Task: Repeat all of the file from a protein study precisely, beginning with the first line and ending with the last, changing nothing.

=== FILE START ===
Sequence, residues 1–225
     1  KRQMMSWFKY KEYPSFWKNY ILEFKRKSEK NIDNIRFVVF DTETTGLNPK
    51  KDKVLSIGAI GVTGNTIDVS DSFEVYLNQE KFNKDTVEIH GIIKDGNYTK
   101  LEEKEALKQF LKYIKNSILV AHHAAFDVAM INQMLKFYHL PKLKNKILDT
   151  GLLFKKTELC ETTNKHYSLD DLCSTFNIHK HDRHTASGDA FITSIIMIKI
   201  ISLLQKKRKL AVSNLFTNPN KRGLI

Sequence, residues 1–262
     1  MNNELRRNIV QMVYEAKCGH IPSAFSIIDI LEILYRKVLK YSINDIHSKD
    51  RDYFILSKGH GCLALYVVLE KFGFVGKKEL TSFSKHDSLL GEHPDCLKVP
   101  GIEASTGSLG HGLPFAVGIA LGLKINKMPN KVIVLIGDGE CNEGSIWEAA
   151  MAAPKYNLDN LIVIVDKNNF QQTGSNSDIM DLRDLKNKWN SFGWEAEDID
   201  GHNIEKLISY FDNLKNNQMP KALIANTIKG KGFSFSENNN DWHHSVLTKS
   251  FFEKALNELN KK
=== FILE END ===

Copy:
Sequence, residues 1–225
     1  KRQMMSWFKY KEYPSFWKNY ILEFKRKSEK NIDNIRFVVF DTETTGLNPK
    51  KDKVLSIGAI GVTGNTIDVS DSFEVYLNQE KFNKDTVEIH GIIKDGNYTK
   101  LEEKEALKQF LKYIKNSILV AHHAAFDVAM INQMLKFYHL PKLKNKILDT
   151  GLLFKKTELC ETTNKHYSLD DLCSTFNIHK HDRHTASGDA FITSIIMIKI
   201  ISLLQKKRKL AVSNLFTNPN KRGLI

Sequence, residues 1–262
     1  MNNELRRNIV QMVYEAKCGH IPSAFSIIDI LEILYRKVLK YSINDIHSKD
    51  RDYFILSKGH GCLALYVVLE KFGFVGKKEL TSFSKHDSLL GEHPDCLKVP
   101  GIEASTGSLG HGLPFAVGIA LGLKINKMPN KVIVLIGDGE CNEGSIWEAA
   151  MAAPKYNLDN LIVIVDKNNF QQTGSNSDIM DLRDLKNKWN SFGWEAEDID
   201  GHNIEKLISY FDNLKNNQMP KALIANTIKG KGFSFSENNN DWHHSVLTKS
   251  FFEKALNELN KK